Having trouble reading this email? Click here for the web version.
YEARS OF SERVICE
ROTARY CLUB OF
|Immediate PP||Kim Walden|
|Public Image||Mike Bixler|
Merry Christmas to you and your family. May you have a joyful and safe holiday!
The tagline for Rotary International is, “Rotary Opens Opportunities.” Sometimes those opportunities are found at our weekly meetings. Whether we attend the in-person or online meeting, opportunities are opened to us. If you missed last week’s meeting, you missed the opportunity to hear some great music performed by the Thomas County Central High School Jazz Band.
There was also the opportunity to meet several past district governors. There was a combined attendance of about one hundred last week. The highlight of the meeting may have been the announcement of Rotarian Andre Marria as the district governor for the 2023-2024 year. Congratulations Andre! We wish you much success.
Last week’s program was Walter Geer. Walter is CEO & co-founder of JingleRing / Santa's Fantastical and co-owner of PictureU. He lives in in Alpharetta, Georgia. Walter shared several of his business ventures with the club. JingleRing, one of his latest ventures focuses on having a “Virtual Santa, Your Way!” Walter explained how he had to make creative with his businesses because of Covid-19. We thank Walter for making it possible for families to enjoy the holiday season even in the midst of a pandemic.
For those who may not know, our hearts are heavy with the passing of Rotarian Pat McLeod on Saturday. At the time of this writing, there is no further information available. Please keep Pat’s family in your prayers and thoughts. Also please remember those Rotarians who have had surgery or are recovering from other health challenges.
“If a window of opportunity appears, don’t pull down the shade.”
Father Joseph Mohr sat at the old organ. His fingers stretched over the keys, forming the notes of a chord. He took a deep breath and pressed down. Nothing. He lifted his fingers and tried again. Silence echoed through the church.
Father Joseph shook his head. It was no use. The pipes were rusted, the bellows mildewed. The organ had been wheezing and growing quieter for months, and Father Joseph had been hoping it would hold together until the organ builder arrived to repair it in the spring. But now, on December 23, 1818, the organ had finally given out. St. Nicholas Church would have no music for Christmas.
Father Joseph sighed. Maybe a brisk walk would make him feel better. He pulled on his overcoat and stepped out into the night. His white breath puffed out before him. Moonlight sparkled off the snow-crusted trees and houses in the village of Oberndorf. Father Joseph crunched through the snowy streets to the edge of the little Austrian town and climbed the path leading up the mountain.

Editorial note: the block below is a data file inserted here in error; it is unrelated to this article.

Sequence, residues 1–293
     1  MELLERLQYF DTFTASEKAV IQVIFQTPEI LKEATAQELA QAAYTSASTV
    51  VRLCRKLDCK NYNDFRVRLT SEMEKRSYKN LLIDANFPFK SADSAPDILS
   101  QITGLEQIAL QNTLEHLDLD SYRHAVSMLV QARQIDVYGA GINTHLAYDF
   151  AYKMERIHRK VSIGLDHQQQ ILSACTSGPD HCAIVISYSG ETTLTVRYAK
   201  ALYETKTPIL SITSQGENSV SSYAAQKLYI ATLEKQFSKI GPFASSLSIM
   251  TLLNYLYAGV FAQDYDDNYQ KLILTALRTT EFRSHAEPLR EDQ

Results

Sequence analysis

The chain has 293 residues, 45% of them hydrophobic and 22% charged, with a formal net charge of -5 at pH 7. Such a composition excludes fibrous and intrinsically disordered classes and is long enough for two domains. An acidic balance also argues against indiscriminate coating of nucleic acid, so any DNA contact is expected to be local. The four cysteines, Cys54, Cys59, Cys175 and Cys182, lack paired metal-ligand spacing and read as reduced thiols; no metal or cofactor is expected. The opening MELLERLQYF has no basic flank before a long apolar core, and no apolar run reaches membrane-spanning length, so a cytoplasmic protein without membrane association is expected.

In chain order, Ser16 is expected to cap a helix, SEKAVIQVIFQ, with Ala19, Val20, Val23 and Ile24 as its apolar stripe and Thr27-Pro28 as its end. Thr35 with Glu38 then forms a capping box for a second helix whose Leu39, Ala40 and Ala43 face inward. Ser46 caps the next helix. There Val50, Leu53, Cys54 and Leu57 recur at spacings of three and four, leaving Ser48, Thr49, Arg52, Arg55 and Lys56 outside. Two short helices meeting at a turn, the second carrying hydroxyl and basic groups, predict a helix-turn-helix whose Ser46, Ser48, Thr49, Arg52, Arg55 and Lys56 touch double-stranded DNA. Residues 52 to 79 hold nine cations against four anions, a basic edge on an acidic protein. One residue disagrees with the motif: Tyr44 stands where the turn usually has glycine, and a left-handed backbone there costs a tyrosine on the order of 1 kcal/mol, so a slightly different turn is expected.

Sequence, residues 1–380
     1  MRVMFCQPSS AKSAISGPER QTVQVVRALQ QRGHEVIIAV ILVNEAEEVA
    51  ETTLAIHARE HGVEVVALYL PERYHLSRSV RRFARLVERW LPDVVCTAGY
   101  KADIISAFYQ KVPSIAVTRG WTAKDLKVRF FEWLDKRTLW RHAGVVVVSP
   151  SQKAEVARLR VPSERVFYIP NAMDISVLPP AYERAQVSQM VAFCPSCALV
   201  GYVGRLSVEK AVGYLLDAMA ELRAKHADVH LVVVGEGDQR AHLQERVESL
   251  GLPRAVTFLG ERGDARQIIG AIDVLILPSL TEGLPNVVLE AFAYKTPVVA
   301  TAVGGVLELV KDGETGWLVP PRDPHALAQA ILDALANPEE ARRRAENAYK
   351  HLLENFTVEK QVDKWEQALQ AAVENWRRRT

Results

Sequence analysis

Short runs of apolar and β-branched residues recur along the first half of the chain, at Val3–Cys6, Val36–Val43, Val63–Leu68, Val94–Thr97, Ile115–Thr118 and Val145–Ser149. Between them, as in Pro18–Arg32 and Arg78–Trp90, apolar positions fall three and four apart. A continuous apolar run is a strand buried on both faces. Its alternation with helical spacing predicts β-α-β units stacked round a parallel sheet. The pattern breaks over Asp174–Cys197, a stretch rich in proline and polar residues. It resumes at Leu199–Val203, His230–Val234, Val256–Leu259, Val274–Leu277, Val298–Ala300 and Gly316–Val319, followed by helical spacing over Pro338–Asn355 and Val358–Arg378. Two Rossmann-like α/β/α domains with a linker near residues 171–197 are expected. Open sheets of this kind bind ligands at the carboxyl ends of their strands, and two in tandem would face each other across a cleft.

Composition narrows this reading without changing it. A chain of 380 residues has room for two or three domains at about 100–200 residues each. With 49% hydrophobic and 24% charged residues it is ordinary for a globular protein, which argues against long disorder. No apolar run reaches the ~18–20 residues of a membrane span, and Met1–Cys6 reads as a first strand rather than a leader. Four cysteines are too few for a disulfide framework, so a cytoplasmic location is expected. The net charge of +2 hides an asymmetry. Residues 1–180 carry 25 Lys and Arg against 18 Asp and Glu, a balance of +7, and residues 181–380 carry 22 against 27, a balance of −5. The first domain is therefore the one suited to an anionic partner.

From high above Oberndorf, Father Joseph watched the Salzach River ripple past St. Nicholas Church. In the spring, when melting snow flowed down the mountains and the river swelled in its banks, water lapped at the foundation of the church. It was moisture from the flooding river that had caused the organ to mildew and rust.
Father Joseph looked out over the Austrian Alps. Stars shone above in the still and silent night.
Silent night? Father Joseph stopped. Of course! "Silent Night!" He had written a poem a few years before, when he had first become a priest, and he had given it that very title. "Silent Night."
Father Joseph scrambled down the mountain. Suddenly he knew how to bring music to the church.
The next morning, Father Joseph set out on another walk. This time he carried his poem. And this time he knew exactly where he was going -- to see his friend Franz Gruber, the organist for St. Nicholas, who lived in the next village.
Franz Gruber was surprised to see the priest so far from home on Christmas Eve, and even more surprised when Father Joseph handed him the poem.
That night Father Joseph and Franz Gruber stood at the altar of St. Nicholas Church. Father Joseph held his guitar. He could see members of the congregation giving each other puzzled looks. They had never heard a guitar played in church before, and certainly not during midnight mass on Christmas Eve, the holiest night of the year.
Father Joseph picked out a few notes on the guitar, and he and Franz Gruber began to sing. Their two voices rang out, joined by the church choir on the chorus. Franz Gruber's melody matched the simplicity and honesty of Father Joseph's words.
When the last notes faded into the night, the congregation remained still for a moment, then began to clap their hands. Applause filled the church. The villagers of Oberndorf loved the song! Father Joseph's plan to bring music to St. Nicholas Church had worked.